When I can utter 'sesquipedalian'
       Why scribble 'My Fair Lady'
       When you can write 'Pygmalion'?
       The bourn of Letters is not set
       By spectacled Librarian
       Nor is the Conqueror of Mt. Parnassus

78.  Few things are less distinguished than the wish to be different.

79.  When our hate grows strong enough we struggle — and embrace one another.

80.  Those who yearn to live forever are already dead.

81.  When beauty ripens it becomes class.

82.  Catastrophe is the muse of journalism.

83.  An epigram is a fallen prayer.

84.  A library is the mind's way to three or four good sentences.

85.  The life of the Law is neither logic nor experience.   It is money.

86.  Wealth ages a young man, but keeps an oldster spry.

87.  The modern mind insists that there be a science of dreams, because, were there not, science itself would be only a dream.

88.  Pessimism finds happiness in the thought that no one is happy.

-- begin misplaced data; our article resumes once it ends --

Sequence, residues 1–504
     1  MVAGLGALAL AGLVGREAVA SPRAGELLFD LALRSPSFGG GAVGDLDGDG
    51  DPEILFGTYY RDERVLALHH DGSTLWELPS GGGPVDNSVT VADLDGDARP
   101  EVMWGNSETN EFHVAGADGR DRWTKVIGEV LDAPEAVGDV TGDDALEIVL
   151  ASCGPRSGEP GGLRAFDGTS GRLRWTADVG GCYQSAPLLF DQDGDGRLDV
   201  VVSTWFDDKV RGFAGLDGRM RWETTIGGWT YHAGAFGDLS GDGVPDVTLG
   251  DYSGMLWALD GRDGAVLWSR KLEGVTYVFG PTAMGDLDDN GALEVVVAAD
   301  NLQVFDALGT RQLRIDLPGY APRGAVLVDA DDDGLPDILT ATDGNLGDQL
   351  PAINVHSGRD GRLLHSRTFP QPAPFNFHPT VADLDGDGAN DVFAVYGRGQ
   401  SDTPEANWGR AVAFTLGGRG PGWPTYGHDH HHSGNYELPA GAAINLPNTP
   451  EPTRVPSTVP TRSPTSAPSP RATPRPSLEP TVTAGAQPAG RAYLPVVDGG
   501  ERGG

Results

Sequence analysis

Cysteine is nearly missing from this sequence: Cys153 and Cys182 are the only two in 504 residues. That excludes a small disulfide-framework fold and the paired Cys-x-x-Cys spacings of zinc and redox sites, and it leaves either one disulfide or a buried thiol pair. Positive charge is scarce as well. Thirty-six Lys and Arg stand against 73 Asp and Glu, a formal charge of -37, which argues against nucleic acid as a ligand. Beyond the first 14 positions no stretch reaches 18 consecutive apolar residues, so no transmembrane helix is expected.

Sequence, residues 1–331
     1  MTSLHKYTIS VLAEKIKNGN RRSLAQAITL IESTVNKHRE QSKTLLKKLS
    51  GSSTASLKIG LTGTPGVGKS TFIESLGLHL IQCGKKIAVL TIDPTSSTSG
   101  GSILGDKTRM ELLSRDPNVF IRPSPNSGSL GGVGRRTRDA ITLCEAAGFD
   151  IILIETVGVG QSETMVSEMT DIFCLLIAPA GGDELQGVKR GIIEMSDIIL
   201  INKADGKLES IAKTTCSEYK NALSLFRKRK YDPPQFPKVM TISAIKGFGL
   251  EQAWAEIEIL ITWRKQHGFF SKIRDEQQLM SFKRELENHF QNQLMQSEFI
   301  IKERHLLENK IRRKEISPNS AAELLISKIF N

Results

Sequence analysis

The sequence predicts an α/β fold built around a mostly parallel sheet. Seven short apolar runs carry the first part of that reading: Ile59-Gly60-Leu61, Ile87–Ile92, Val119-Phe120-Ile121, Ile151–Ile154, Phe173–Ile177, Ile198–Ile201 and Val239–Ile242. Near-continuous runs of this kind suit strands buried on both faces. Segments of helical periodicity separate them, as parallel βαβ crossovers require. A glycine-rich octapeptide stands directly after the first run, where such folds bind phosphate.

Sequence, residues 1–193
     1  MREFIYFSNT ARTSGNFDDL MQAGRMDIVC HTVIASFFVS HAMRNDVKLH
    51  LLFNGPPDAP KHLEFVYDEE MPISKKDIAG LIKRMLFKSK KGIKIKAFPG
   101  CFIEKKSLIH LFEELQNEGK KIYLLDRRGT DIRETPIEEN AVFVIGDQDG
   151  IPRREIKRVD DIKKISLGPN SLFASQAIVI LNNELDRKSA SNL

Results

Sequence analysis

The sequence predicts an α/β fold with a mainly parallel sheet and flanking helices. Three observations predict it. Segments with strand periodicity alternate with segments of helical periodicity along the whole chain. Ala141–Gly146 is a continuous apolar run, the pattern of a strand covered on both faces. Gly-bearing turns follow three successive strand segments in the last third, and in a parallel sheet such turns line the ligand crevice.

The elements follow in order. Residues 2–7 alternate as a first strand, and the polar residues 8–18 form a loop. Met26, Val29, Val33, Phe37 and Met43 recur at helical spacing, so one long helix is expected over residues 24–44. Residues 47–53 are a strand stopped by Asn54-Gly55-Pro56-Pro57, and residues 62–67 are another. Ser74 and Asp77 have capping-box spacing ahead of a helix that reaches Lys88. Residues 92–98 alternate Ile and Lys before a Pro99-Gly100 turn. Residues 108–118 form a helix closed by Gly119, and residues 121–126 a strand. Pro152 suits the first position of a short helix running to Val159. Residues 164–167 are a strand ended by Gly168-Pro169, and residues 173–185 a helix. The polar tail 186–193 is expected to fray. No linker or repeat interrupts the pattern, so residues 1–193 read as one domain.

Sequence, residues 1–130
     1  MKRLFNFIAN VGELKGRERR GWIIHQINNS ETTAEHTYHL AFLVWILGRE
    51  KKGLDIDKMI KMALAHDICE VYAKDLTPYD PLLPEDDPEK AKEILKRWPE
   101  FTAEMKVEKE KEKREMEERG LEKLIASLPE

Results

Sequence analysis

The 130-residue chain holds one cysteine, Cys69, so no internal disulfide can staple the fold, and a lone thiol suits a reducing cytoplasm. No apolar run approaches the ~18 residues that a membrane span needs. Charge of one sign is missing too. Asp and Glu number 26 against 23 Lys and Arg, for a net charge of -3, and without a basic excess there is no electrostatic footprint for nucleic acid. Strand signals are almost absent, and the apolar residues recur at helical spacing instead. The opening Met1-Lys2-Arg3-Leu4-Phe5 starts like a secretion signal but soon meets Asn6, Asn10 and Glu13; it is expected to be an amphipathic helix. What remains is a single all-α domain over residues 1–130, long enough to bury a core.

89.  Why do you want to know the meaning of life?  Do you assume it will prove flattering?

90.  If the faults of humanity were laid end to end, they would make the world exactly as we find it.

91.  Even the devil eats with a fork.

92.  Humility is egotism in formal attire.

93.  The tiger has its claws, the serpent its fangs, and human beings their invincible stupidity. 

94.   If the student will not learn the teacher must forget.

95.  Genius is talent that knows what to do with itself.

96.  The Tower of Babel is raised not by ignorance but by an army of facts.

97.  The proselytizer seeks to persuade himself.

98.   The aim of wisdom is not to discover the land of truth but to chart the sea of lies.

99.  Marx is correct when he says that Hegel stood philosophy on its head, but goes wrong when he announces that with himself it is put properly upright. Philosophy belongs on its head. It is only in this posture that we can achieve at once the comprehension of reality and the amusement of the people.

100.   Mankind is omniscient too.  After the fact.

David P. Gontar, Ph.D., J.D., is Adjunct Professor of English and Philosophy at Inner Mongolia University in China. His latest book is Hamlet Made Simple and Other Essays.